MARTINSBURG - A lawsuit against a Martinsburg company that alleged a supervisor threw hammers in the direction of employees has been dismissed.
On April 29, Robert W. Elliott, Sr. dismissed his lawsuit against Continental Brick Company. The dismissal order said each side would bear its own costs and fees.
Elliott was facing a summary judgment motion that was filed in December. He never filed a response.
Elliott was a 27-year veteran of the Continental Brick Company, a brick-making business in Martinsburg, before being fired in 2011. Elliott claimed his firing was in retaliation for complaints he made in April 2010 about Donald Sult, the company’s vice president of operations.
Elliott wrote in his complaint, filed in May 2011 in Berkeley County Circuit Court, that he had been with the company since its inception in 1984. In April 2010, he met with C. Lynch Christian, the company’s president, to report what he said was violent and hostile conduct on the part of Sult.
“Such conduct included… the throwing of hammers on several occasions (sometimes in the direction of an employee with whom Defendant Sult appeared to be angry), smashing a brick immediately in front of the face of one employee and frequently hitting walls and other objects within the workplace,” the complaint says.
Christian told Elliott there was no issue that needed addressing, the suit says. In January 2011, Continental Brick issued several temporary layoffs, it adds.
Elliott, though, was fired. He was told he was fired because he possessed another business to rely on and not the meeting several months earlier, he claims.
Elliott is the president of Berkeley Theatres in Martinsburg.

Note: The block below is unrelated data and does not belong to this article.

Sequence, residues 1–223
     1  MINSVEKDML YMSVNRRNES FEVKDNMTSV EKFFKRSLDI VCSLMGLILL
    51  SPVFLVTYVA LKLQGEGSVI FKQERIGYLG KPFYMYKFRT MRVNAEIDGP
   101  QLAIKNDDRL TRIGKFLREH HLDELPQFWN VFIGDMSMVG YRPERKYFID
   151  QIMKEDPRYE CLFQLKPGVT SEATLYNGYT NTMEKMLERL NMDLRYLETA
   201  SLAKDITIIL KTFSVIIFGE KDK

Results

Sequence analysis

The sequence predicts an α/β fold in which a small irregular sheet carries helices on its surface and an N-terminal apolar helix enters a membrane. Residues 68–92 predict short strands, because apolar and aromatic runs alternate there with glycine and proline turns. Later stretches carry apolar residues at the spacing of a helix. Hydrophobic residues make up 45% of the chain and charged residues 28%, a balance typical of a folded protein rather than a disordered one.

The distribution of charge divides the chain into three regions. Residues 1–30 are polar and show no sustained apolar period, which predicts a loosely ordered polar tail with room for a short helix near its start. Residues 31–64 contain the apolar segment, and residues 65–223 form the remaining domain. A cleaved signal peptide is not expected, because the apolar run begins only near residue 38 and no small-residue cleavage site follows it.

“(T)he termination of the plaintiff was executed as an effort to punish the plaintiff for lodging complaints regarding an illegal workplace setting,” Elliott claims.
He also alleged his termination was intended to intimidate other employees out of registering complaints.
Attorneys for the defendants didn’t agree, however.
Neal Barkus of Steptoe & Johnson wrote in a summary judgment motion filed in December that Elliott did not engaged in protected activity under the West Virginia Human Rights Act.
“(H)e only made complaints to management about matters of workplace civility, not any prohibited discriminatory acts,” the motion says.
It adds that too much time passed between then April 2010 meeting and the February 2011 termination for it to be considered retaliatory.
The defendants’ conduct was simply not outrageous enough for Elliott to sustain a claim for intentional infliction of emotional distress, the motion says.
Elliott was represented Christopher Luttrell of Luttrell & Prezioso in Martinsburg.
The case was originally assigned to Judge Christopher Wilkes, who recused himself. He cited “numerous and ongoing social interactions with the plaintiff and in such has heard certain facts of the case.”
The case was then assigned to Judge Gina Groh, who became a federal judge. Judge John Yoder eventually presided over it.
From the West Virginia Record: Reach John O’Brien at email@example.com.